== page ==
I used to work in my family's restaurant and helped run it. I love good food, and I've cooked family meals for over 60 years.
Fruit, Nuts and Seeds for Extra Nutrition and Flavour
Banana bread is a cross between bread and cake, made with overripe mashed bananas.
According to Wikipedia, "Banana bread first became a standard feature of American cookbooks with the popularization of baking soda and baking powder in the 1930s."
During the coronavirus pandemic, it became one of the most sought-after recipes on the internet, according to Google.
After trying it out, and being keen on experimentation, I developed my own version to include more fibre and nutritious ingredients to help with health problems.
Before the coronavirus pandemic started in December 2019, I had only eaten banana bread a couple of times.
When there was talk of lockdown and before it had even started in earnest, supermarket shelves were emptied of flour, rice and pasta by panic-stricken shoppers. After a short period, it became clear that this was a short-term problem, and these items once more became available. The shoppers, myself included, were left with a larger-than-needed quantity of these basic foods (not to mention toilet paper!) which had to be used up as soon as possible, to make space in their overflowing cupboards.
After lockdown in March 2020, online shopping became the order of the day, but delivery slots were often unavailable, which led to householders having occasional temporary shortages of fresh foods. Thus, with more time on our hands to try making our own bread, many of us started to experiment and that's when I learnt how to make banana bread. It was quite nice but I thought it might be improved with a little manipulation of the recipe. I discovered that the addition of chopped dates and raisins made it tastier and that the addition of extra sweetening made it into more of a cake than just a bread.
Diabetic-Friendly Banana Bread
As I am diabetic I am supposed to cut down on sugar and salt, so I experimented. and used mostly Hermesetas, an artificial sweetener instead of sugar. I also added some raisins, cranberries and chopped dates. I found that the other ingredients hid the rather distinctive taste of Hermesetas and that replacement of most of the sugar with Hermesetas was not obvious. Neither did it seem to affect the texture or rising of the bread.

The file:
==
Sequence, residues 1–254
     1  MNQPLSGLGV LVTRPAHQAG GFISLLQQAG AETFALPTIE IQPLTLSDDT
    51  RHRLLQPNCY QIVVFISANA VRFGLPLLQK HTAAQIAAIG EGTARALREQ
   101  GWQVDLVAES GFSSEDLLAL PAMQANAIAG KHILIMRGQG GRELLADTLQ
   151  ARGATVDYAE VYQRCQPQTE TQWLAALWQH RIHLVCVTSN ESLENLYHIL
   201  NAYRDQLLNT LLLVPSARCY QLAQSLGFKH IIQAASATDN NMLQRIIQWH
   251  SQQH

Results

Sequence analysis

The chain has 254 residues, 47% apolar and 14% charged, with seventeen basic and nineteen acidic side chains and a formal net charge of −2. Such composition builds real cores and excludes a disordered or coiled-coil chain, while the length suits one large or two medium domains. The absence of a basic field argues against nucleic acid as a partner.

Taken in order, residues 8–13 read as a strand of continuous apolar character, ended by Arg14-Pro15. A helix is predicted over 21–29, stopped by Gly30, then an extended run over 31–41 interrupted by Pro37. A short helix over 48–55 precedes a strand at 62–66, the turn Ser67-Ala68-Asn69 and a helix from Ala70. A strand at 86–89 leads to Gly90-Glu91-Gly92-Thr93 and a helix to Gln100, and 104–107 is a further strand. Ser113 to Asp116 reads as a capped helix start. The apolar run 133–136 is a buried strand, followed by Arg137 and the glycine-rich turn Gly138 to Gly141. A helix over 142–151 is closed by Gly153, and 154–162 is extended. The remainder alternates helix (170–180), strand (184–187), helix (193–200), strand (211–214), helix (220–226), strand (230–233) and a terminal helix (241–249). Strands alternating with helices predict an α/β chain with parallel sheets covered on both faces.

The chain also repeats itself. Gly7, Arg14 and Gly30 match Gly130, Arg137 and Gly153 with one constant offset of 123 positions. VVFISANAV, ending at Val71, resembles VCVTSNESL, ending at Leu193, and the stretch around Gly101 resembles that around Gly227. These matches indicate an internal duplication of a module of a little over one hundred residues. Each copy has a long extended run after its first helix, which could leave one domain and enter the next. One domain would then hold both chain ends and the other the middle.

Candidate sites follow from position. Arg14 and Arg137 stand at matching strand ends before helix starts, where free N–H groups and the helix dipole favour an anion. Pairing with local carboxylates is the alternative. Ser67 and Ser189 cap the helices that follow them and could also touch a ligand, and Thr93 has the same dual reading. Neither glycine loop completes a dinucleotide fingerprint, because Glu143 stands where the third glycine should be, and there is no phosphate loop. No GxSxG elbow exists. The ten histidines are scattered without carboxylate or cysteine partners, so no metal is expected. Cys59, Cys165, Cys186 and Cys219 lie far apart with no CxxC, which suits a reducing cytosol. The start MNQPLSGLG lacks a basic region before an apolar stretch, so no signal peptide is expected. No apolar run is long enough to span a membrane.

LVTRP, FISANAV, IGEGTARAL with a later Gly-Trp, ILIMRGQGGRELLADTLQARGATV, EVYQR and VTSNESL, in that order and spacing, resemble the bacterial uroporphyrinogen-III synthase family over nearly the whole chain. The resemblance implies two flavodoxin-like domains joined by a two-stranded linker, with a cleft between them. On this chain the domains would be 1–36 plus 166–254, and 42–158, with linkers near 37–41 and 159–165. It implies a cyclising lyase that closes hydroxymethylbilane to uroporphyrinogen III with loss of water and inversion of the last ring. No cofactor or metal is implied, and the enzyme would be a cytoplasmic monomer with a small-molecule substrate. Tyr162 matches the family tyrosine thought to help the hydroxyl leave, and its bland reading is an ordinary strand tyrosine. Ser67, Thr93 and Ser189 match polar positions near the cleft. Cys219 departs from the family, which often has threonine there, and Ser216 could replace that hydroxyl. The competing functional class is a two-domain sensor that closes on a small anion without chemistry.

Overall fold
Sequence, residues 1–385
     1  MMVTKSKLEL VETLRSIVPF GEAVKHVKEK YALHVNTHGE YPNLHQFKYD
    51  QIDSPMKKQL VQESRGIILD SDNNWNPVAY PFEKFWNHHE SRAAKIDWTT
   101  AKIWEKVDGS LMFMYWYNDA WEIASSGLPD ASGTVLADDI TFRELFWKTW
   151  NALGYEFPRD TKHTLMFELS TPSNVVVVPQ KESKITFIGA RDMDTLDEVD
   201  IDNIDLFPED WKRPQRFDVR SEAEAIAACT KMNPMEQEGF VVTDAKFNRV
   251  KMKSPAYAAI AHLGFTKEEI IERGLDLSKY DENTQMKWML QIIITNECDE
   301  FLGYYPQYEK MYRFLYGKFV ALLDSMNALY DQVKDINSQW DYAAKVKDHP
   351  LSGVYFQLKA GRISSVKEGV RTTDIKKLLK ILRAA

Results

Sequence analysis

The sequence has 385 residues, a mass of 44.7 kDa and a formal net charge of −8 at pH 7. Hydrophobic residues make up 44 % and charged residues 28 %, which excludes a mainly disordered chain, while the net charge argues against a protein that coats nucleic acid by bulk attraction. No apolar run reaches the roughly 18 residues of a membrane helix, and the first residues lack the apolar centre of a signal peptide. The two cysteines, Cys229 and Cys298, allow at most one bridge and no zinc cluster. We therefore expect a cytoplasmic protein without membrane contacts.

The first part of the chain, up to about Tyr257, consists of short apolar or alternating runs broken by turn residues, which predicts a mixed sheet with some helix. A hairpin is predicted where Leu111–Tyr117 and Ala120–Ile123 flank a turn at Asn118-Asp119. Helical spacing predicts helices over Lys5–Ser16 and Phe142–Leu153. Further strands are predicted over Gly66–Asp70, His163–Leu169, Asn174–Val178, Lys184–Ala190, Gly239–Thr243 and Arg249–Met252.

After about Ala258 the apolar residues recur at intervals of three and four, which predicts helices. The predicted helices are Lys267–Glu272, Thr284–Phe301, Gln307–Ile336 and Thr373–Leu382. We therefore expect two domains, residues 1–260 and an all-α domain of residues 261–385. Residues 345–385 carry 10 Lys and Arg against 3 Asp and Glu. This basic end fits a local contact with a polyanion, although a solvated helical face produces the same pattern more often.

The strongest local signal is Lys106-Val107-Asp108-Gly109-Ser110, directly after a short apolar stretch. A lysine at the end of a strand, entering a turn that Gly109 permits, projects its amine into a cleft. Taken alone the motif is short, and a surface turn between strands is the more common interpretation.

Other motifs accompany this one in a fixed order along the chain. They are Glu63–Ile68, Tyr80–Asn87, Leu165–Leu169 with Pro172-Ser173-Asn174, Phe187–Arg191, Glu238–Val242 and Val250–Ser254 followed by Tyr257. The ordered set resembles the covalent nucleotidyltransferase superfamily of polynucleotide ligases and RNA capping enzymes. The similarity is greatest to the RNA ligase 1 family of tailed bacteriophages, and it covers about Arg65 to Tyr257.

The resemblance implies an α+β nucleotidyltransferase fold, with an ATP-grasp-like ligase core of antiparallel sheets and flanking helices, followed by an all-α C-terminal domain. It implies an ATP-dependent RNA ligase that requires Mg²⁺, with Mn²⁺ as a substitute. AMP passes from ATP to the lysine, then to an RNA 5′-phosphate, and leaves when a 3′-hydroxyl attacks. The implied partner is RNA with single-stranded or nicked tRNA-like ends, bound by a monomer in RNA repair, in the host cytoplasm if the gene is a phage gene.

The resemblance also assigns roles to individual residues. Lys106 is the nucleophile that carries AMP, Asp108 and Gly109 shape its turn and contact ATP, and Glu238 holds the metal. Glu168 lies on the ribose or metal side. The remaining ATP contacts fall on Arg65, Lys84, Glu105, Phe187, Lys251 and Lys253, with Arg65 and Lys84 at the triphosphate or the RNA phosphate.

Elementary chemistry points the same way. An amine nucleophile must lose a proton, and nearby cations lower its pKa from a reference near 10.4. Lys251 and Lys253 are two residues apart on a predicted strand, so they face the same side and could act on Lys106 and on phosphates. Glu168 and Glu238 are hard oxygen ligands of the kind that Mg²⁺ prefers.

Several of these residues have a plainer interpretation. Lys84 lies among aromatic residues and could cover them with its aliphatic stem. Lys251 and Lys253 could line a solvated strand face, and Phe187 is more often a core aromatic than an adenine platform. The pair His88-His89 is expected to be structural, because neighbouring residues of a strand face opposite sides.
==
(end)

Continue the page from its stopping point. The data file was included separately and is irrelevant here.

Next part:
I also used only half a teaspoonful of salt instead of the teaspoonful recommended in other recipes. This did not spoil the flavour at all.
Then I tried adding a few chopped or flaked nuts and seeds such as sunflower seeds, poppy seeds and chia seeds. These didn't change the flavour but did add a great deal of nutrition and a slight, but not unpleasant, change in texture.
Read More From Delishably
And thus my final recipe as set out below had materialized.
Rate This Recipe
- 9x5 inch loaf tin (or 2 smaller ones if, like me, that's all you have)
- Large mixing bowl
- Measuring jug
- Fork, spoon and measuring spoons
|Prep time||Cook time||Ready in||Yields|
1 hour 15 min
10 to 12 servings
- 14 ounces brown flour
- 1/4 cup virgin olive oil
- 2 large eggs
- 6 Hermesetas, or similar sugar-free sweetener
- 2 teaspoons honey or brown/white sugar
- 1 teaspoon vanilla flavouring
- 1 teaspoon cinnamon
- 1/2 teaspoon salt
- 1/4 cup warm water
- 1 teaspoon baking soda
- 1/4 teaspoon baking powder
- 1 to 2 tablespoons mixed seeds, dried fruit and nuts, choose any smalll dried fruit or even crystallized ginger
- 1 teaspoon powdered ginger
- 1 teaspoon turmeric
- 1 dessert spoon finely chopped nuts
- Preheat the oven to gas mark 4 (350 C) (Moderate) and line the loaf tin with greaseproof paper. Lightly grease the paper with olive oil or butter.
- Mash the bananas in large bowl and then add the olive oil, eggs, honey, vanilla essence, cinnamon and salt together, plus optional turmeric and powdered ginger (if using) and mix them all together.
- Add the flour and stir it into the mixture.
- In a separate container pour in a quarter of a cup of warm water and add the hermesetas baking soda and baking powder, stirring until the hermesetas has melted and the baking powders are slightly foaming. Then pour them into the mixture. Then add the seeds, fruit and nuts and stir until they are fully integrated into the mixture.
- Add the mixture to the loaf tin which has been lined with greaseproof paper. Cook at gas mark 4 (350 C) (Moderate) for 55 to 60 minutes. If not sure whether it is cooked enough you can test the loaf by sticking a sharp knife or toothpick into it and if it comes out clean then it is cooked but if the mixture stick to it, cook for a further 5 minutes. Remove the bread from the loaf tin and put it on a rack to cool off.
- If not eating immediately, store in a cool dry place or cake tin.
Yet Another Healthy Banana Bread Recipe
- Banana bread recipe on Second Nature
Second Nature is an online weight loss plan that helps you to make long-term healthy lifestyle changes. We are used and trusted by the NHS.